Europe Economy

Europe In for More Nasty Surprises: Chief Investor

Of all the regions in the world, Bhaskar Laxminarayan, chief investment officer at Pictet Asia, told CNBC he has the least confidence in Europe right now and warned that there could be more negative surprises coming out of the region.

Traders work in the ten-year U.S. Treasury Note options pit at the Chicago Board of Trade in Chicago, Illinois.
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"A safety net has been provided for Greece. So for the time being, the contagion has been sidelined to some extent," Laxminarayan said Tuesday.

But the problem of other euro-zone countries using their tax revenues to bail out countries with "lax governments" and "fiscal imprudence" will continue to weigh on the European Union and finding a "median is not going to be easy," he added.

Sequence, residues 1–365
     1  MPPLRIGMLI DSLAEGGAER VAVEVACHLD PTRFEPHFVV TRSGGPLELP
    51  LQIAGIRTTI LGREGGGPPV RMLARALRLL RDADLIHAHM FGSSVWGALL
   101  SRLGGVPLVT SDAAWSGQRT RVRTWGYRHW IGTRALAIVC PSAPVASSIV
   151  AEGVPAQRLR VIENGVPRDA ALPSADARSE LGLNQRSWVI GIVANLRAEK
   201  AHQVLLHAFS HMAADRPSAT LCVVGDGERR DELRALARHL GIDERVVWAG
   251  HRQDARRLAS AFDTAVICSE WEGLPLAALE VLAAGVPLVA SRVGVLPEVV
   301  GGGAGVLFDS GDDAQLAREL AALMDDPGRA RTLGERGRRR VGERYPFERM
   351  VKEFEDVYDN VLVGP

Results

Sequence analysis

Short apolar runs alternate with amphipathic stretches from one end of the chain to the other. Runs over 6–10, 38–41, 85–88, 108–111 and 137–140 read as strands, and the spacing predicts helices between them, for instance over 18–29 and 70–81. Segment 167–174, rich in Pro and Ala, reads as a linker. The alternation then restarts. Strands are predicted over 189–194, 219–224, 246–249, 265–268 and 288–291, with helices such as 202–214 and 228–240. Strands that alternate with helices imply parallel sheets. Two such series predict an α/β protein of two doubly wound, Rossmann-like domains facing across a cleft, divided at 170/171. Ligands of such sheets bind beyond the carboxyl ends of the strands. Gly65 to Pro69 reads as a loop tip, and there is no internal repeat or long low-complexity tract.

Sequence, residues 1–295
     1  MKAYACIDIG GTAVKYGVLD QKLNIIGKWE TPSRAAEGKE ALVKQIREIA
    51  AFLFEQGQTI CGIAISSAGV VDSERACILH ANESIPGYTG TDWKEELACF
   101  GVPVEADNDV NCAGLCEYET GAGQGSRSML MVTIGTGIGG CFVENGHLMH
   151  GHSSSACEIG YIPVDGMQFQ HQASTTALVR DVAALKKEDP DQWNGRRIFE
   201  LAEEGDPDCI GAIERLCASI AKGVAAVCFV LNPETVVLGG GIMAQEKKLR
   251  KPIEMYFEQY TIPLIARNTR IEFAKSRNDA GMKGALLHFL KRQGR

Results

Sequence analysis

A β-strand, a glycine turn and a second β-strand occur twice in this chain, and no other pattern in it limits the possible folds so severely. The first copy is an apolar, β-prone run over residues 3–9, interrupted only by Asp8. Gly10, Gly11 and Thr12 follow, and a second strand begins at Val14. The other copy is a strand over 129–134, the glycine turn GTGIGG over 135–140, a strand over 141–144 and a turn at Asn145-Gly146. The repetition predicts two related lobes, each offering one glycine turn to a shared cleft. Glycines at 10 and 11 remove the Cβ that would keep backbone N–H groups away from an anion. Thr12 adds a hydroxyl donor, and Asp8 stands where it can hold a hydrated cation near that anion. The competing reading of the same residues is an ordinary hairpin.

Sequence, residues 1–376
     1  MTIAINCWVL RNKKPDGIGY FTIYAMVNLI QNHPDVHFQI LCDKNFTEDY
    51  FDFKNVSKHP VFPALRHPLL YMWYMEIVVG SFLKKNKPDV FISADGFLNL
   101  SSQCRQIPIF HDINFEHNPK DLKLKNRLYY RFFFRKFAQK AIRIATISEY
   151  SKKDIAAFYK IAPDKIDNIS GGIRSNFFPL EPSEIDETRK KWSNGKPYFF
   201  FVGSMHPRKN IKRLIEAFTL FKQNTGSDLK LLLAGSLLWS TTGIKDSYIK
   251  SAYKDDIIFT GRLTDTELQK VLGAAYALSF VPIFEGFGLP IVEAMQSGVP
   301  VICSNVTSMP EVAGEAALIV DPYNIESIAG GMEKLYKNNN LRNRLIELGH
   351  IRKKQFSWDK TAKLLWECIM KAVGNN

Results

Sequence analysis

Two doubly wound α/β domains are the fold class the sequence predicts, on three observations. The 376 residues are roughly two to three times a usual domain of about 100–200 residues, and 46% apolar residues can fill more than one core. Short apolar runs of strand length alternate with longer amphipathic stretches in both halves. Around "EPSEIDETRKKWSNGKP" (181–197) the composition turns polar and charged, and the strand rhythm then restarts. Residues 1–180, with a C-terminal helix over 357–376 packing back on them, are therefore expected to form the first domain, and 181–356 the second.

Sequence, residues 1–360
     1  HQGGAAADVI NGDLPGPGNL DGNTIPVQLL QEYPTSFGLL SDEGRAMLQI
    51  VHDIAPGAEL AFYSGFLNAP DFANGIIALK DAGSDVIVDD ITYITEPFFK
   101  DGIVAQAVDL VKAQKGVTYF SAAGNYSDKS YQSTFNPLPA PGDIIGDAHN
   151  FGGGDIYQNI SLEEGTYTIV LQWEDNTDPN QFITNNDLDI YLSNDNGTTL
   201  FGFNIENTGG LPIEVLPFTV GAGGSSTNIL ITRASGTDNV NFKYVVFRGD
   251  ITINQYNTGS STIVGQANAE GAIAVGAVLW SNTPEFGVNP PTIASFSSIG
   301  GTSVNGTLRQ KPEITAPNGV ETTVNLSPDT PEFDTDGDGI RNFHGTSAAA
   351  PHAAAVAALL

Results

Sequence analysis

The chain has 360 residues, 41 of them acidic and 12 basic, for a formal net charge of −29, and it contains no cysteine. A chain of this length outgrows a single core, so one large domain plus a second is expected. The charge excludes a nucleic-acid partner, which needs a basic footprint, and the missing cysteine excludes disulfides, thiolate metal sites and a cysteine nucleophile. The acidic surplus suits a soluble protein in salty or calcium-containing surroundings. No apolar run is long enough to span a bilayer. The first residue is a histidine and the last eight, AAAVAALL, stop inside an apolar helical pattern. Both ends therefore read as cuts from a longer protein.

What complicates matters in the euro zone is that there are 17 countries with the same currency and ten countries using their own currency, which make policy decisions very, very complex, Laxminarayan said on "Squawk Box Asia."

"These summits raise more questions than they actually answer," he said of the EU summit which took place in Brussels at the tail end of last week.

"Asia has to live with the fact that the developed markets aren't doing that well," Laxminarayan said. "Europe is not going to be the driving force for Asia in the coming decade. Consumption and domestic economies are going to be the driving force."

Europe May Turn In More Nasty Surprises

"There's a clear refocus from Asian governments to move away from trade orientation to more of a domestic consumption base," he added.

Laxminarayan sees Asian markets continue to perform in the medium to long term. He likes consumption plays, including banking stocks.